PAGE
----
This week, the Senate is debating its version of the tax extenders bill that the House passed before the Memorial Day recess. The bill extends unemployment benefits through November (as well as some popular tax credits) and is partially offset by the closing of a few tax loopholes.
One of these loopholes has to do with carried interest, or the money that investors pay to money managers to manage hedge funds or private equity firms. Currently, such income is taxed at the lower capital gains rate, even though it is received in return for a service like any other salary or hourly wage. The Senate has, for a week now, been watering down the tax change (suggesting subjecting only 50 or 60 percent of carried interest to the higher tax rate), in an attempt to drum up conservative votes.
But Sen. Orrin Hatch (R-UT) today took to the Senate floor to proclaim that he would vote against the extenders package — and thus prevent millions of Americans from claiming unemployment benefits — because of the tax change, and dared the world to fight his analysis:
Why, then, am I planning to vote against this bill?…It is for the same reason that much of the business community is opposed to this legislation. The tax increases added to this bill will damage the economy and job creation and outweigh the benefits of extending the expired tax provisions [...]
For several years now we have heard it stated with outrage that hedge fund managers get by paying a lower tax rate on their billion dollar compensation packages than their secretaries pay on their relatively meager salaries…The simple fact is that if we increase the tax rates and change the nature of income for these partnerships, the economic hurdle rates will rise and fewer deals will get done. And if fewer deals get done, less economic activity will be generated and fewer jobs will be created. I don’t think anybody can fight that analysis.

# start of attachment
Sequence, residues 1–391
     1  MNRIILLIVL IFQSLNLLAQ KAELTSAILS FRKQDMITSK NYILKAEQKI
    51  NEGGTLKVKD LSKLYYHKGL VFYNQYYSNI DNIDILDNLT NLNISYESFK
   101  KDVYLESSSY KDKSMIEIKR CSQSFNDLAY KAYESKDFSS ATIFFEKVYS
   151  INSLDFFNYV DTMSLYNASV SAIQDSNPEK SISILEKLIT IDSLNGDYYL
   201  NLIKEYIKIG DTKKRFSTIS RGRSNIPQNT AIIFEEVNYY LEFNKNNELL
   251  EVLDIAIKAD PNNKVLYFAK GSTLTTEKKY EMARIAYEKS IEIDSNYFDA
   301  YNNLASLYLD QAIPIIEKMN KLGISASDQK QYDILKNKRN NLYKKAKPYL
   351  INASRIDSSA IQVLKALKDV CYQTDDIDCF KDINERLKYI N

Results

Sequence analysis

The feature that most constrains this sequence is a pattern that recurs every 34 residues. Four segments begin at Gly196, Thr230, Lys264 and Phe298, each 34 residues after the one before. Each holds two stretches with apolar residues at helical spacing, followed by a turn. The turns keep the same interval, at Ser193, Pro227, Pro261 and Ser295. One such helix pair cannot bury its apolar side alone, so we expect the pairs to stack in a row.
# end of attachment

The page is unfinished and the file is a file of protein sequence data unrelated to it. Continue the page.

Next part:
But since Hatch is so concerned about venture capitalists shutting down their shops if the change comes to pass, I’ll turn it over to Fred Wilson, who is a venture capitalist, and wrote that “changing the taxation of the managers will not reduce the amount of capital going to productive areas”:
The sources of the capital; wealthy families, endowments, pension funds, and the like, will still put the capital in the places where they will get the highest after tax return. And these sources of capital, if they are tax payers, will still get capital gains treatment on their investments in hedge funds, buyouts, and venture capital. And the fund managers will still have to compete with each other to get access to that capital and their incentives will still be to produce the highest returns they can produce, regardless of whether they are paying capital gains or ordinary income on their fees.
As David Weidner pointed out (in the Wall Street Journal, of all places), “Wall Street’s private equity industry is going Tea Party on a new tax making its way across Capitol Hill. But don’t be fooled, this isn’t a populist movement, unless your brand of populism includes a dozen vacation homes.” Zaid Jilani also noted that opponents of the increase are making all sorts of outlandish claims about it, including that it will harm cancer patients. But taxing carried interest for what it is — income — is simply about fairness and fixing a bizarre inequity in the tax code that has no reason for existing.